When it comes to flat ironing your hair, the technique is just as important as the tool. While CHI flat irons are one of the most popular brands on the market, the iron will prove ineffective if not used correctly. Achieving perfectly flat ironed hair with your CHI will likely take several attempts, but it is worth the effort.
Items you will need
- Heat protectant
- Hair clips
- Finishing spray
- CHI flat iron
Prepare your hair by shampooing and conditioning to remove dirt and buildup. After washing, apply a heat protectant to your wet hair. This helps prevent heat damage and prolongs your style.
Blow-dry your hair until it is completely dry. You will achieve better results with your CHI if your hair is dry rather than wet.
Set your CHI to the appropriate temperature for your hair (if your iron has an adjustable temperature control). Generally, thick, coarse or curly hair will need a temperature of 350 to 400 degrees; normal hair will require 300 to 380 degrees; and a setting of under 300 degrees is proper for fine, damaged or chemically treated hair.
Comb your hair to remove any tangles. Part it into sections equivalent to or smaller than the size of your CHI’s ironing plates. Use hair clips to keep your hair separated while ironing.
Hold the flat iron in one hand and a comb in the other. Using the hand holding the comb, grab a section of hair. Starting as close to your scalp as possible, place the hair between the CHI’s ironing plates. Close the plates around the hair and gently apply pressure as you slide the iron down to the ends of the hair. Move the iron evenly and at a moderate pace. Do not leave the iron in one spot for long.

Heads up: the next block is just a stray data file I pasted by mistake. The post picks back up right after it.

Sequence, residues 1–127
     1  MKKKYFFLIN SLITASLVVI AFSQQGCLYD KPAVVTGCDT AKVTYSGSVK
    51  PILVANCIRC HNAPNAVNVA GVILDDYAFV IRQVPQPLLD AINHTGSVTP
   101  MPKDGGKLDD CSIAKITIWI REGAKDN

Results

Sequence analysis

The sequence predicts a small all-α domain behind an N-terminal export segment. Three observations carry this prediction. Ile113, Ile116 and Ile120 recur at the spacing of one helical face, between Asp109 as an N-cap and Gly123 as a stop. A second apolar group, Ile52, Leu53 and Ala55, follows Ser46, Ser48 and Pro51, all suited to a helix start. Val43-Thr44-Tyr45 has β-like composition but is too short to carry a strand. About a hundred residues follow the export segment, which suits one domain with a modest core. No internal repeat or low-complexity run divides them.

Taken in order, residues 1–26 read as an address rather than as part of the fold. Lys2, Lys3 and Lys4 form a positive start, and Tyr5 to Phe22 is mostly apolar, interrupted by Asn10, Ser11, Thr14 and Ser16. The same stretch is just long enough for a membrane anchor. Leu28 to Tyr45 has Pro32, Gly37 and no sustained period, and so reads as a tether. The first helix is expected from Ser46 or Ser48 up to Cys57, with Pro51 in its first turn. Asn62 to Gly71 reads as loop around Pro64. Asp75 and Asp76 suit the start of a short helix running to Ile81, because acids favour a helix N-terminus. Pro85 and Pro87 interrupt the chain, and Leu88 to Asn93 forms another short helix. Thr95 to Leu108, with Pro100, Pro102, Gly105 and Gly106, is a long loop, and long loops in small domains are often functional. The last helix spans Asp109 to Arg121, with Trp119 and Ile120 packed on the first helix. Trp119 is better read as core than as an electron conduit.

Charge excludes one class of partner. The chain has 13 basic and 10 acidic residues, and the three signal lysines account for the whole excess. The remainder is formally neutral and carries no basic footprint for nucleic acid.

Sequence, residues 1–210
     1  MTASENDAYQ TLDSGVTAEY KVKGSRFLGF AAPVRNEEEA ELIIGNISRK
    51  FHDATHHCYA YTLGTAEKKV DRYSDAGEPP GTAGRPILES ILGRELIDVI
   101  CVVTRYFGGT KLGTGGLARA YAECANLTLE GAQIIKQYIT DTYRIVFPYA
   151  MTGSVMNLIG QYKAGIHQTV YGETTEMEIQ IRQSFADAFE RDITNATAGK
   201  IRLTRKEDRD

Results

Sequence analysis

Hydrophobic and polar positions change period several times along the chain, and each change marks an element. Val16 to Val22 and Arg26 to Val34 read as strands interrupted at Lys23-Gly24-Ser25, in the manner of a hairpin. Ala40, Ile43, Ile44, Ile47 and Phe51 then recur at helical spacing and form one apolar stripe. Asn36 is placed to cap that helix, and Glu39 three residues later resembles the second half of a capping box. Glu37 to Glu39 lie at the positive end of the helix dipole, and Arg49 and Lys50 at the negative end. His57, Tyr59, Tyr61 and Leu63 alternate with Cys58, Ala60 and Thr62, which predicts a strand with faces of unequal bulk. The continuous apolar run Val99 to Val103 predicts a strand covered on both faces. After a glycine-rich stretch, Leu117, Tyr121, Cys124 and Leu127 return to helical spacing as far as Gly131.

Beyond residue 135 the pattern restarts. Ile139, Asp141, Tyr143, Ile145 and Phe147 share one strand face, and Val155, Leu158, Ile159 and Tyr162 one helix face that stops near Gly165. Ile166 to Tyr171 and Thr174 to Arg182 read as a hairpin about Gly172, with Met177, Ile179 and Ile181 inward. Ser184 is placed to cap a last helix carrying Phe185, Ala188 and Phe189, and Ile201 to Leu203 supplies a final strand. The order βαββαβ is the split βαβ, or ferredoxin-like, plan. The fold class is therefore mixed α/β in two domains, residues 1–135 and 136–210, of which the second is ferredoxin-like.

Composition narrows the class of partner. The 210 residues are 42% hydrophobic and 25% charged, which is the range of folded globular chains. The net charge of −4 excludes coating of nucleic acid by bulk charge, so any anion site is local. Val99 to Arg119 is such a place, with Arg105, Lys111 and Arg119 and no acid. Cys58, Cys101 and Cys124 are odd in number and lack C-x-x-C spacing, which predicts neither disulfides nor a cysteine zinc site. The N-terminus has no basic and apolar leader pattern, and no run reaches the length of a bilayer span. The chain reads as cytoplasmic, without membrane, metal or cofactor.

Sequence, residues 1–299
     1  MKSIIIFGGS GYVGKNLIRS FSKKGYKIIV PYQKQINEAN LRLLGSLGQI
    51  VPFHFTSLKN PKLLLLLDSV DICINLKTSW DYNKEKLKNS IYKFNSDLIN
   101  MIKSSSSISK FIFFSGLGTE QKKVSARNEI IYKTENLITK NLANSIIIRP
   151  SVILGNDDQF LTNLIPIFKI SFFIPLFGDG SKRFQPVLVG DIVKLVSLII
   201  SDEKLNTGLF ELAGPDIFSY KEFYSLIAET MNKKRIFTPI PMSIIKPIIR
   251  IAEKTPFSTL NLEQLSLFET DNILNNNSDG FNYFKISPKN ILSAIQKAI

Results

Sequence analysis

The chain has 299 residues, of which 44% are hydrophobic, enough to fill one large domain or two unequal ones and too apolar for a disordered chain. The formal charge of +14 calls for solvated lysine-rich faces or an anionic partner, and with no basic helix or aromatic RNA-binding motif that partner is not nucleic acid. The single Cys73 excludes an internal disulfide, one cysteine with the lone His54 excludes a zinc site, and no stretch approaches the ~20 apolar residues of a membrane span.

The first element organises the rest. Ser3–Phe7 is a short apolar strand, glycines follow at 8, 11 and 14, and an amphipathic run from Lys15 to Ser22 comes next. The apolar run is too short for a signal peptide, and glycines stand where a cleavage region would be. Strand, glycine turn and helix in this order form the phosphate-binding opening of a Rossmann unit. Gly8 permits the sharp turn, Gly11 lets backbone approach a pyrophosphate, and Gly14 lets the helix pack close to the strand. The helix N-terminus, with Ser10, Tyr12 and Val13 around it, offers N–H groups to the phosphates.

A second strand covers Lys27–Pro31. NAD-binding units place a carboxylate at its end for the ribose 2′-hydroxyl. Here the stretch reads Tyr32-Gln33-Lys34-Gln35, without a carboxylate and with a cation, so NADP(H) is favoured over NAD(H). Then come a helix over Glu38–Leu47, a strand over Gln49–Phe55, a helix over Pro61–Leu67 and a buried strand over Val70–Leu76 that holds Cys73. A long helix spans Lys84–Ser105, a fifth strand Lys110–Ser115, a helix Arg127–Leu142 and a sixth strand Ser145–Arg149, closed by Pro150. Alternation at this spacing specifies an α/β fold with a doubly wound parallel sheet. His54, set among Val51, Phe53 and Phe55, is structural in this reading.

After ironing the section, immediately run the comb through the same section. Continue this process until you have achieved the desired level of straightening. This might require several passes of the iron and comb.
Follow the same technique to iron all of your hair. After you have ironed all of your hair, use a light finishing spray to hold your style.
When setting the iron's temperature, start with the lowest setting in your hair's temperature range and work your way up to a higher setting if needed.
Iron small sections of hair at a time. Do not attempt to iron a large section of your hair at once, as this will result in uneven heating and more passes of the iron through your hair. This can lead to overheating and damage.